Xchange Press Release: “Agadez: Voices from a Historical Transit Hub”: New Xchange report explores the under-reported consequences of the 2015 criminalisation of migration at Europe’s new “southern border”.
Xchange launches its first report of 2019 “Agadez: Voices from a Historical Transit Hub” on Friday, February 1st, the first in our two-part series focusing on mixed migration flows across Africa.
The latest MOAS-funded research was conducted over a three-week period by the Xchange research team in Agadez, Niger. Agadez has long played a crucial role as a transit hub for migrants from across Africa. Xchange collected first-hand data and testimonies from key actors in the region, including smugglers.
The EU’s border externalization efforts have had a profound impact on Nigerien policy, and have induced the country to intensify its control of migration towards Europe. In 2015, ‘Law 2015-036’ was introduced, effectively criminalising the migration industry in Niger, which has significant cultural and socio-economic importance to the region. With far-reaching consequences for migrants and locals alike, the impact of this law has not been widely understood, which has warranted further research into its impact on the ground.
Drawing upon qualitative data collected through in-depth interviews, this report details how migration is still present in the region, although subject to dynamics that have changed significantly over the past few years. Northbound migrant journeys have shifted to alternative routes, which have resulted in migrants facing increased risks. Migrant deaths in the desert are now less likely to be reported.
The migrants are exposed to a danger of death, because nothing is clear anymore. So that’s what we’re trying to explain to the European Union, the real dangers it represents. […] The law has blocked the official circuit. But the clandestine circuit continues. It is more dangerous, there are more deaths.
— M. Anacko, President of the Regional Council of Agadez
The implementation of the law by the Nigerien authorities has come in the form of prosecution of those involved in the industry. This had a severe impact on the local community, causing loss of livelihoods to thousands of people who previously depended on migration as a source of income.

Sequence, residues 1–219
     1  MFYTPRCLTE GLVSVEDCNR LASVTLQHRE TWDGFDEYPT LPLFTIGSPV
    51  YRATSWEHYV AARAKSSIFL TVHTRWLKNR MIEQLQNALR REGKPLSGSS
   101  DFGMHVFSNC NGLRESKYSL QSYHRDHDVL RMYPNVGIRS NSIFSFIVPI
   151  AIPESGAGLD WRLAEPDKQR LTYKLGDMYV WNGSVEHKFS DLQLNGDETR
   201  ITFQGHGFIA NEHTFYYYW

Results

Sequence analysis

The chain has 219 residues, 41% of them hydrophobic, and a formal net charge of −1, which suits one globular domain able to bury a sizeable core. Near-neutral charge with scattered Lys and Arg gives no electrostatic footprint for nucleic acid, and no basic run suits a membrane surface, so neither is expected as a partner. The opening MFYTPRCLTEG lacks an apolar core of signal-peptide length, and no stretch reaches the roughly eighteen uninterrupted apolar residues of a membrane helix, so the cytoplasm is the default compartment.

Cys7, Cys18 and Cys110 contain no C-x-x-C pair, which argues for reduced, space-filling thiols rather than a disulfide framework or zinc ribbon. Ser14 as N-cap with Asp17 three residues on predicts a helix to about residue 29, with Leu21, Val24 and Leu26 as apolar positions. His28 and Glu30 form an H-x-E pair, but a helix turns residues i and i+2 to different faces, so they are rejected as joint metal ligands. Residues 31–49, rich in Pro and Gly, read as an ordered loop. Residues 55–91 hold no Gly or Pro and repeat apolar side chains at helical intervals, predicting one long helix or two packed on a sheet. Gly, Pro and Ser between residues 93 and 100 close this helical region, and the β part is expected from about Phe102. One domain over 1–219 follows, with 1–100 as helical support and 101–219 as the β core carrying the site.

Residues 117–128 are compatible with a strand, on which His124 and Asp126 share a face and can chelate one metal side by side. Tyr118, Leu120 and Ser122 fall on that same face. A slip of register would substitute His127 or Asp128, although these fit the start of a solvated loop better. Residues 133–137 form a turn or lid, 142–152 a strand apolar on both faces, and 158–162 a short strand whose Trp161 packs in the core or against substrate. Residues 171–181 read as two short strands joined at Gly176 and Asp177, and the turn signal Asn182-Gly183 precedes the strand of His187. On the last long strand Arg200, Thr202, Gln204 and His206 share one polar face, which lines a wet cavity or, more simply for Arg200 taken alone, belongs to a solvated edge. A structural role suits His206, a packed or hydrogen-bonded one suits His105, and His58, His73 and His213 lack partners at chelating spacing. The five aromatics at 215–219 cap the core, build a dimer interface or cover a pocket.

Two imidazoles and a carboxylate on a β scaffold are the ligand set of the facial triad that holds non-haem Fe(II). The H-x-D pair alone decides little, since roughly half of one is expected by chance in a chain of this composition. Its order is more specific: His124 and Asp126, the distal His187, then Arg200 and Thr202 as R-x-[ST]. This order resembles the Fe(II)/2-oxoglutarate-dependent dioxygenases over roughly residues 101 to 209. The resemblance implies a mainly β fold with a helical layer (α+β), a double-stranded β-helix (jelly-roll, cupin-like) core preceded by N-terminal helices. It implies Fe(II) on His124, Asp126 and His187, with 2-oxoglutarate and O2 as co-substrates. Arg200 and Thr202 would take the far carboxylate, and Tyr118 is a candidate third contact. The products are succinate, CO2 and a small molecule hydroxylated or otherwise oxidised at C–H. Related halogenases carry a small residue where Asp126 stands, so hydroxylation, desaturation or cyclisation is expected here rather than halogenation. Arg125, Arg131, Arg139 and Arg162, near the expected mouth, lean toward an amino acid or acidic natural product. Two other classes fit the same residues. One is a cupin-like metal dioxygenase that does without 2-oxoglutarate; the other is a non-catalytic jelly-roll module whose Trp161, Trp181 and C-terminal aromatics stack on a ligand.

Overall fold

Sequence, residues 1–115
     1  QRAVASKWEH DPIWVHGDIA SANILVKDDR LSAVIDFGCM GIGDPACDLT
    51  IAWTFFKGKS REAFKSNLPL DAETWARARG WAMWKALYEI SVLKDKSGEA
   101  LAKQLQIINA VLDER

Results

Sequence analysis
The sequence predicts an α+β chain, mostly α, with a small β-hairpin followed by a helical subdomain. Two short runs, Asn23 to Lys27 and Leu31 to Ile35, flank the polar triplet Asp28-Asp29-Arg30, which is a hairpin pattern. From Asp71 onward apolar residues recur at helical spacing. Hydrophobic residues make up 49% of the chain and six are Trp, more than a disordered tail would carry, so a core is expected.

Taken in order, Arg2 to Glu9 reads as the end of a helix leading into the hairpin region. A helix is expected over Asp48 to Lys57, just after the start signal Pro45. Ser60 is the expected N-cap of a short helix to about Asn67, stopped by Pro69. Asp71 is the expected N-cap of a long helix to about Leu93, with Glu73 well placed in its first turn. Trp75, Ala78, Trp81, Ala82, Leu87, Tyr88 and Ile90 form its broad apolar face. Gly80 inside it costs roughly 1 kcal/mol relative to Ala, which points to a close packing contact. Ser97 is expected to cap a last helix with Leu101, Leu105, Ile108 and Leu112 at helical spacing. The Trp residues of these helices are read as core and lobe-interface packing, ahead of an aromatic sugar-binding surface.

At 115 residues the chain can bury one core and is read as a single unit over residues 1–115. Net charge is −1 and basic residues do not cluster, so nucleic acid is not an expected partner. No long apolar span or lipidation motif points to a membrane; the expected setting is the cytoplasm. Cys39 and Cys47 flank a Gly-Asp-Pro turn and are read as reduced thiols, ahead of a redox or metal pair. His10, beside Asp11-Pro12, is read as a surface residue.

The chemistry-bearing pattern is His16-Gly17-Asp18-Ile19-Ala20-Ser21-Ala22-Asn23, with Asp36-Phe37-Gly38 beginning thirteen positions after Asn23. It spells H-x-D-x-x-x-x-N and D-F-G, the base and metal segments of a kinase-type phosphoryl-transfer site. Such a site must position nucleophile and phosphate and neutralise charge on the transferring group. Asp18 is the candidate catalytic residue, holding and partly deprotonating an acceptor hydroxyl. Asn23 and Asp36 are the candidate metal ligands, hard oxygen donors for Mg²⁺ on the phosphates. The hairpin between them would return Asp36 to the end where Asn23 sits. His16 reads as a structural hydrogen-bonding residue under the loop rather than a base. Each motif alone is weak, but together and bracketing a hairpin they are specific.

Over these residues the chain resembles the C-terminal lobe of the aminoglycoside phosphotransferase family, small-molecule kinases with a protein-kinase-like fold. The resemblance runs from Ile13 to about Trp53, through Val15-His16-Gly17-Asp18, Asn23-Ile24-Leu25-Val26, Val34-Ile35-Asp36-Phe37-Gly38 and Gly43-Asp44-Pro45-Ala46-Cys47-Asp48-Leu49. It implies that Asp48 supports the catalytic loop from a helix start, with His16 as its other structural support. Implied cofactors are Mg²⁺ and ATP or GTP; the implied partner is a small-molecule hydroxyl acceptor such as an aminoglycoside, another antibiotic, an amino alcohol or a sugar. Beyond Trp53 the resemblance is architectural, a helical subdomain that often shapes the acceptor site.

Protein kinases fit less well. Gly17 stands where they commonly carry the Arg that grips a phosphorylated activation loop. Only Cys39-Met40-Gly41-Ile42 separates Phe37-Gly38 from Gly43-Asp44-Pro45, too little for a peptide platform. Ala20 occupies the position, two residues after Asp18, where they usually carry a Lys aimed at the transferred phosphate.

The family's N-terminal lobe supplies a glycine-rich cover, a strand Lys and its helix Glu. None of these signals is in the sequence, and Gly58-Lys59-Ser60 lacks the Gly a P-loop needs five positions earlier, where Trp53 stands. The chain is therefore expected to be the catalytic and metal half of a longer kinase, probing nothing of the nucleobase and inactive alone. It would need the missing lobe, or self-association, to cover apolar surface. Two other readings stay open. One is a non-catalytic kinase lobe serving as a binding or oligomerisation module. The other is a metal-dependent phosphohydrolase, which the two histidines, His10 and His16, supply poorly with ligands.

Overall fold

Before the law we were doing really well. When the migrants were here, we had jobs! But now with the law, all that is over.
Xchange has taken a new direction investigating Niger, a nation that has for centuries been a crossroads for trans-Saharan migration via caravan routes that connected West, Central and North Africa, and more recently, Europe.
Our research experience in Niger strengthened our belief that top-down policies without appropriate consultation, monitoring, and evaluation will always have unexpected implications. Policy cannot be designed and implemented without considering the views of all actors involved, most importantly the locals. We believe that within any migration context, the local population will always be a huge resource of information, and the unbiased collection, analysis, and reporting of data from locals is essential.
— Ioannis Papasilekas, Research Analyst at Xchange
This research is both bold and essential, especially when considering how the flows of migration through Africa, toward Libya and, eventually, Europe, are affected by policy making and economic priorities. We must always be ready to face the facts brought to light by data of this kind. We hope this research serves to not only highlight the situation as we found it, but also to inspire further research into subsequent areas and analysis to promote change.
— Regina Catrambone, Co-founder and Director of MOAS
You can find a link to the full report, “Agadez: Voices from a Historical Transit Hub” here.
At Xchange, we believe in the power of data to transform public perception on human migration. We dig beyond the headlines to add meaning to numbers and advocate for better knowledge of migration through freely available data visualisation and analysis, as well as in-depth research and reports. Our data is the summary of thousands of individual journeys.
MOAS is an international humanitarian organization dedicated to mitigating the suffering of people forced to risk their lives to reach safety. As an independent NGO, MOAS was founded and continues to operate on the principles of humanity, impartiality, and neutrality, by providing humanitarian aid, medical assistance and implementing support projects to refugees and migrants in distress.
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